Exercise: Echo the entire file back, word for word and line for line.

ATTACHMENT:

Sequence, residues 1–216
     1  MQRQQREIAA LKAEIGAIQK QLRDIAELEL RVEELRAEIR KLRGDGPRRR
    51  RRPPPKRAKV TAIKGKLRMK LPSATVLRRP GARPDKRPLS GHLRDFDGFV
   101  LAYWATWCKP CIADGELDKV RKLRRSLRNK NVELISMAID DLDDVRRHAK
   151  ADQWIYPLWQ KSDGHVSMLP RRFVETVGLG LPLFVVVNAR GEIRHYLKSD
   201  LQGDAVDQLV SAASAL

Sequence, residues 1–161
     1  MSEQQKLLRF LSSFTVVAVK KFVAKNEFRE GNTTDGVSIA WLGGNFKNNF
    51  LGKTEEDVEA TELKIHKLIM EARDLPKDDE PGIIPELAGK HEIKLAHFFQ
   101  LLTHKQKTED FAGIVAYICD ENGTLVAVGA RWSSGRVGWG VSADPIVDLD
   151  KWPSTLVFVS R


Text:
Sequence, residues 1–216
     1  MQRQQREIAA LKAEIGAIQK QLRDIAELEL RVEELRAEIR KLRGDGPRRR
    51  RRPPPKRAKV TAIKGKLRMK LPSATVLRRP GARPDKRPLS GHLRDFDGFV
   101  LAYWATWCKP CIADGELDKV RKLRRSLRNK NVELISMAID DLDDVRRHAK
   151  ADQWIYPLWQ KSDGHVSMLP RRFVETVGLG LPLFVVVNAR GEIRHYLKSD
   201  LQGDAVDQLV SAASAL

Sequence, residues 1–161
     1  MSEQQKLLRF LSSFTVVAVK KFVAKNEFRE GNTTDGVSIA WLGGNFKNNF
    51  LGKTEEDVEA TELKIHKLIM EARDLPKDDE PGIIPELAGK HEIKLAHFFQ
   101  LLTHKQKTED FAGIVAYICD ENGTLVAVGA RWSSGRVGWG VSADPIVDLD
   151  KWPSTLVFVS R